Labor Must Say “No” to Andrew Puzder as Labor Secretary.

Watching President Trump’s cabinet choices, it’s hard not to think, “What’s going on here? Are they actually just trying to dismantle the government? How is anyone not seeing this?”

Each pick appears to be chosen with the intent to dismantle the very department they are to represent. Within moments of Betsy Devos’ confirmation for Sec of Education a bill was introduced into the House which would termine the Department of Education at the end of 2018. Rick Perry, the now confirmed Secretary of Energy, when running for President in 2012, called for the eradication of, yes, the Department of Energy in his famous “Oops” moment.

And now, with the nominee for Secretary of Labor, Andrew Puzder, the CEO of CKE industries, which runs Carl’s Jr and Hardee’s, President Trump is continuing the trend of choosing a person who has issues with higher wages, especially for managers of his stores and, equally interesting and eyebrow raising for employees, has advocated for robots to replace the workers in these same restaurants. Now, in all fairness, this makes sense from a management standpoint. Low wages and new technologies do streamline processes and lower costs. But for the Secretary of Labor to hold these ideas, this does not bode well for the worker, the very entity the Department of Labor is tasked to protect.

The DoL’s mission statement:

To foster, promote, and develop the welfare of the wage earners, job seekers, and retirees of the United States; improve working conditions; advance opportunities for profitable employment; and assure work-related benefits and rights.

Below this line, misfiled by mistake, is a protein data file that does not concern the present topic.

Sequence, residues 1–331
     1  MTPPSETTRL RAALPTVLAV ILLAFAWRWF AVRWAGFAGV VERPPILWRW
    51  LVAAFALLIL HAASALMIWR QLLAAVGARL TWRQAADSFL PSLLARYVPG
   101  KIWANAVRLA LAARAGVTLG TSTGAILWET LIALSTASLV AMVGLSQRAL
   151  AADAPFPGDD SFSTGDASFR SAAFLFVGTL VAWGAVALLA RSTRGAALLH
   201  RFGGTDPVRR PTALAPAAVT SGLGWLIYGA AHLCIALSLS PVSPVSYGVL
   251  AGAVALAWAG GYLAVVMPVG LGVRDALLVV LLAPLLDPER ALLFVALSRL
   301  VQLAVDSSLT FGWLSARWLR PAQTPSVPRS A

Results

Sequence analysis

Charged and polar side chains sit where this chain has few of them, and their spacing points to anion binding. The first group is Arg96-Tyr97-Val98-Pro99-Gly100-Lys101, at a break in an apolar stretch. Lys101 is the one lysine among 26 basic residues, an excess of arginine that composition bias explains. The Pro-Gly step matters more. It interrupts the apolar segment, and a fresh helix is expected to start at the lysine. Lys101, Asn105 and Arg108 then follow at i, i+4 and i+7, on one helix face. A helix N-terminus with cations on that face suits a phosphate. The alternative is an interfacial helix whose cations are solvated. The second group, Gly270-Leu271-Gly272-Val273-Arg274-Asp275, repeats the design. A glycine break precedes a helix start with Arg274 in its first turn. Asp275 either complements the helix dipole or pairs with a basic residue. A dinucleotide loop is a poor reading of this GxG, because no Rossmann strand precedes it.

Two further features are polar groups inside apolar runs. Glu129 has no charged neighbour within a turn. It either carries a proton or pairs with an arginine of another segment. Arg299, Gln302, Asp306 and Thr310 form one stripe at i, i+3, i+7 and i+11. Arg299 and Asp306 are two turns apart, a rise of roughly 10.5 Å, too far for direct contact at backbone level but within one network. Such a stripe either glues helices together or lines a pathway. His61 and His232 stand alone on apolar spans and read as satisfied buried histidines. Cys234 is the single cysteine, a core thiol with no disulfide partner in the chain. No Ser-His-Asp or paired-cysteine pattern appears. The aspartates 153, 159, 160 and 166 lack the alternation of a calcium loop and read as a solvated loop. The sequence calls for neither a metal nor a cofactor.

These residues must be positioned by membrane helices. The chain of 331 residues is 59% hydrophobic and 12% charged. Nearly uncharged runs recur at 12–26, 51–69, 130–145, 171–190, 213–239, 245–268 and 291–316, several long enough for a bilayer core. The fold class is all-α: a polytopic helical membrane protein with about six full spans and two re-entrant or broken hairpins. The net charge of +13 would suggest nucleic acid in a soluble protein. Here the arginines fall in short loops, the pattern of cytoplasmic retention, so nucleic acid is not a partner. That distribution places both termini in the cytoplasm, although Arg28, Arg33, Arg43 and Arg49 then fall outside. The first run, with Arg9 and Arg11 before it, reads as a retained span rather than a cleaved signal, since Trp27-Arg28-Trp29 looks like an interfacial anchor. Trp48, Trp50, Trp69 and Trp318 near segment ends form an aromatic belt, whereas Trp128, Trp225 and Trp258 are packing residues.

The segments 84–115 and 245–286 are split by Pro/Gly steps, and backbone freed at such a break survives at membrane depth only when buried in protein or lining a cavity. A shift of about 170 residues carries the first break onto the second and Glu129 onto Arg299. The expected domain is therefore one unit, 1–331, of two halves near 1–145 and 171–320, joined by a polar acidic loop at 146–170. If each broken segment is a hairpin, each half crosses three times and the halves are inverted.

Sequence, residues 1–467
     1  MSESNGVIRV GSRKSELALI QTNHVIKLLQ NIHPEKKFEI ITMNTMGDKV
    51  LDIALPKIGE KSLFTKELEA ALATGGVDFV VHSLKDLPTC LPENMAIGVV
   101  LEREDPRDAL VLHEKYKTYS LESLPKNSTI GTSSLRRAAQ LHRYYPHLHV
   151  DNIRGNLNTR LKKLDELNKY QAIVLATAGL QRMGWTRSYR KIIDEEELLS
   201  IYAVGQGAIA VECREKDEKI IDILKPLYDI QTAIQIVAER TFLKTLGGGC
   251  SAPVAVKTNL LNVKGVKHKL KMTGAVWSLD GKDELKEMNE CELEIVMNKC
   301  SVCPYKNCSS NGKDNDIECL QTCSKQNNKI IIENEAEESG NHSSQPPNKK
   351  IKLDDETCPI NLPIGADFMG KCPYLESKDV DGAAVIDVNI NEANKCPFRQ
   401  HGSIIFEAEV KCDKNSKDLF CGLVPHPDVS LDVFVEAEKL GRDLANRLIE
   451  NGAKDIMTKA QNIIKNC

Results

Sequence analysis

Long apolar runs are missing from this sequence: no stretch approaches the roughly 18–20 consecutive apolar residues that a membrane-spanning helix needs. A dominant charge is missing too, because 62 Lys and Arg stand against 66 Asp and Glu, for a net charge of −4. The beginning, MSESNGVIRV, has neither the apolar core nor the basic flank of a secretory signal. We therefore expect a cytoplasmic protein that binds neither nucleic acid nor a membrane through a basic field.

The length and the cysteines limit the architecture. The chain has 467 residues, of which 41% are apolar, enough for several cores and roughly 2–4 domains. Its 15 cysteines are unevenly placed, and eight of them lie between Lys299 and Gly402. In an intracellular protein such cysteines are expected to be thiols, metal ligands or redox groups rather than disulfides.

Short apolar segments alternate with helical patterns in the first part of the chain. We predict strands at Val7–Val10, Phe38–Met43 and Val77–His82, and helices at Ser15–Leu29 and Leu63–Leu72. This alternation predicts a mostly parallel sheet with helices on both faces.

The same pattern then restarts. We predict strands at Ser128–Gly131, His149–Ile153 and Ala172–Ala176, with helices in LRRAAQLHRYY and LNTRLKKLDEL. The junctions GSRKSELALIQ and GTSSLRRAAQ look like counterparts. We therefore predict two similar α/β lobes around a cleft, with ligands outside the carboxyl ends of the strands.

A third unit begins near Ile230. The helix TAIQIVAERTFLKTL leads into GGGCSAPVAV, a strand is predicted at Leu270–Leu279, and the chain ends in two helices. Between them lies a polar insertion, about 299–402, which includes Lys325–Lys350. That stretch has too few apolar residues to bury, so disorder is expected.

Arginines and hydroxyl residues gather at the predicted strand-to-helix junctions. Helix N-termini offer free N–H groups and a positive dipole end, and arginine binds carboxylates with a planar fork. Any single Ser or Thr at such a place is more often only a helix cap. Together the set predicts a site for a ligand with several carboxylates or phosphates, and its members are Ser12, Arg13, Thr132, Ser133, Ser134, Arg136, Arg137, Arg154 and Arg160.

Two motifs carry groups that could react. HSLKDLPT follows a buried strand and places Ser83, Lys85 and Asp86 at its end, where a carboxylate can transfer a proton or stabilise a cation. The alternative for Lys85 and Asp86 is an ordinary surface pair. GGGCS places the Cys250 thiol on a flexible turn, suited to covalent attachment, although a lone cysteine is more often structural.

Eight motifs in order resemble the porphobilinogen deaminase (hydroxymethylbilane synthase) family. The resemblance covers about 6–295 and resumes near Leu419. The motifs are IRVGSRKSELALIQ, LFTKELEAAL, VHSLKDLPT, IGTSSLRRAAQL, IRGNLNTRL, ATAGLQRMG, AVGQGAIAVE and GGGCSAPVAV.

Puzder’s nomination shows almost a disdain for this mission. From the CEO’s own home town newspaper, The St. Louis Dispatch: “The company currently is being sued in California for “wage theft.” The case deals with how CKE’s corporate-owned restaurants switched managers back to hourly wages after the Obama administration’s Labor Department extended overtime pay to salaried workers earning less than $47,476 a year.”

In speaking about the possibility of robots replacing humans Puzder said, “They’re always polite. They always upsell, they never take a vacation, they never show up late, there’s never a slip-and-fall, or an age, sex, or race discrimination case.” This should send shudders down the spine of every worker that this person is being put forth as the Secretary of Labor.

The Republicans have been undermining unions for decades and just recently announced an intent to roll out national right-to-work legislation. If you agree that RTW strips unions of the capital they need to bargain effectively for a collective (it does) you can easily connect the dots between this initiative, a pro-management builder president and a labor secretary who seems to have management’s interest at heart.

We’ve sat in negotiations. We’ve looked across the table into management’s eyes. They aren’t bad people. But they have a goal. It is the same goal for their constituency that workers have for theirs: Get the most for their people without giving up anything in return. But in order to have success, there must be a give and take, some sort of compromise.

Unless, that is, the person who is negotiating on behalf of the worker is someone who represents the management. That’s imbalance. And a very precarious situation for the people whose very ability to live & eat rely on good wages.

We must have a Labor Secretary who comes from the ranks of workers. Who understands the needs of workers. Who empathizes with workers and their struggles and plights. Andrew Puzder seems to be no friend to labor and no friend to the worker’s greatest ally, the unions. If we do not expect that from the Secretary of the Department of Labor, we will drown in a tidal wave that washes over unionized labor and drown us in a sea of automation and apathy.